Lisa J. Douglas

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Pathogenic fungi in the genus Candida can cause both superficial and serious systemic disease, and are now recognized as major agents of hospital-acquired infection. Many Candida infections involve the formation of biofilms on implanted devices such as indwelling catheters or prosthetic heart valves. Biofilms of Candida albicans formed in vitro on catheter(More)
Matrix material was extracted from biofilms of Candida albicans and Candida tropicalis and analysed chemically. Both preparations contained carbohydrate, protein, hexosamine, phosphorus and uronic acid. However, the major component in C. albicans matrix was glucose (32%), whereas in C. tropicalis matrix it was hexosamine (27%). Biofilms of C. albicans were(More)
A model system for studying Candida biofilms growing on the surface of small discs of catheter material is described. Biofilm formation was determined quantitatively by a colorimetric assay involving reduction of a tetrazolium salt or by [3H]leucine incorporation; both methods gave excellent correlation with biofilm dry weight (r = 0.997 and 0.945,(More)
Prostaglandins are now known to be produced by Candida albicans and may play an important role in fungal colonization. Their synthesis in mammalian cells is decreased by inhibitors of the cyclooxygenase isoenzymes required for prostaglandin formation. In the present study, a catheter disk model system was used to investigate the effects of nonsteroidal(More)
Denture biofilms represent a protective reservoir for oral microbes. The study of the biology of Candida in these biofilms requires a reliable model. A reproducible model of C. albicans denture biofilm was developed and used to determine the susceptibility of two clinically relevant C. albicans isolates against 4 antifungals. C. albicans, growing as a(More)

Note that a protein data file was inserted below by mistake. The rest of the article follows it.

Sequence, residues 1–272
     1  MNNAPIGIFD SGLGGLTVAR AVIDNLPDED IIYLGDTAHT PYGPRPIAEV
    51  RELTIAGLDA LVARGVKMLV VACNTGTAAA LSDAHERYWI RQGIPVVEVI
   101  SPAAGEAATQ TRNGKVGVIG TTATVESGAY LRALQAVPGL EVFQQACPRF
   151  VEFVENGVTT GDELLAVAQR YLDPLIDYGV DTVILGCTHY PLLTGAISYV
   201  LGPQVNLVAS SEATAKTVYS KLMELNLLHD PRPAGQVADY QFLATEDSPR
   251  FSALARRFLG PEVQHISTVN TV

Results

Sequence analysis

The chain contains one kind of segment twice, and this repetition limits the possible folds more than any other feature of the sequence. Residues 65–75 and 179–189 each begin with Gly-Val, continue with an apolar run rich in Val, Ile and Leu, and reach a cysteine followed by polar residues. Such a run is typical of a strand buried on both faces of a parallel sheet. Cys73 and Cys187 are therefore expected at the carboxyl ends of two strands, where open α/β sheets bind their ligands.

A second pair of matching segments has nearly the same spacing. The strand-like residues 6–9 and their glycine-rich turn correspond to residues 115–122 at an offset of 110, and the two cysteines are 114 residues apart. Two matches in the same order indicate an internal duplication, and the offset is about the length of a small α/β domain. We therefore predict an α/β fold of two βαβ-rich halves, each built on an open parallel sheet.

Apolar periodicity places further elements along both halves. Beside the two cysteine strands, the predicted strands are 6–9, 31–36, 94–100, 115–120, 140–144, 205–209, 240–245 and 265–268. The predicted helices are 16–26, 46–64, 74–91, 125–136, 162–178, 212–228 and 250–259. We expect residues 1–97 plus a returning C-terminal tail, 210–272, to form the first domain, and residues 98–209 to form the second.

Biofilms formed by Candida albicans on small discs of catheter material were resistant to the action of five clinically important antifungal agents as determined by [3H]leucine incorporation and tetrazolium reduction assays. Fluconazole showed the greatest activity, and amphotericin B showed the least activity against biofilm cells. These findings were(More)
Extracellular polymeric material (EP), comprising the matrix of Candida albicans biofilms, was isolated and its composition was compared with that of EP obtained from culture supernatants of planktonically grown (suspended) organisms. Both preparations consisted of carbohydrate, protein, phosphorus and hexosamine, but biofilm EP contained significantly less(More)
Growth of Candida albicans biofilms and production of extracellular matrix were monitored by dry weight, colorimetric and radioisotope assays, and by scanning electron microscopy. Under static incubation conditions synthesis of matrix material was minimal, but increased dramatically when developing biofilms were subjected to a liquid flow with the result(More)
Both biofilms and planktonic (suspended) cells of Candida albicans synthesized extracellular prostaglandin(s) during growth at 37 degrees C, but biofilm cells secreted significantly more prostaglandin(s) when production was determined on the basis of cell dry weight. Prostaglandin synthesis by both cell types was sensitive to the cyclooxygenase inhibitors(More)
Two model biofilm systems, involving growth on disks of catheter material or on cylindrical cellulose filters, were used to investigate the structure of Candida albicans biofilms. To assess the importance of dimorphism in biofilm development, biofilms produced by two wild-type strains were compared with those formed by two morphological mutants, incapable(More)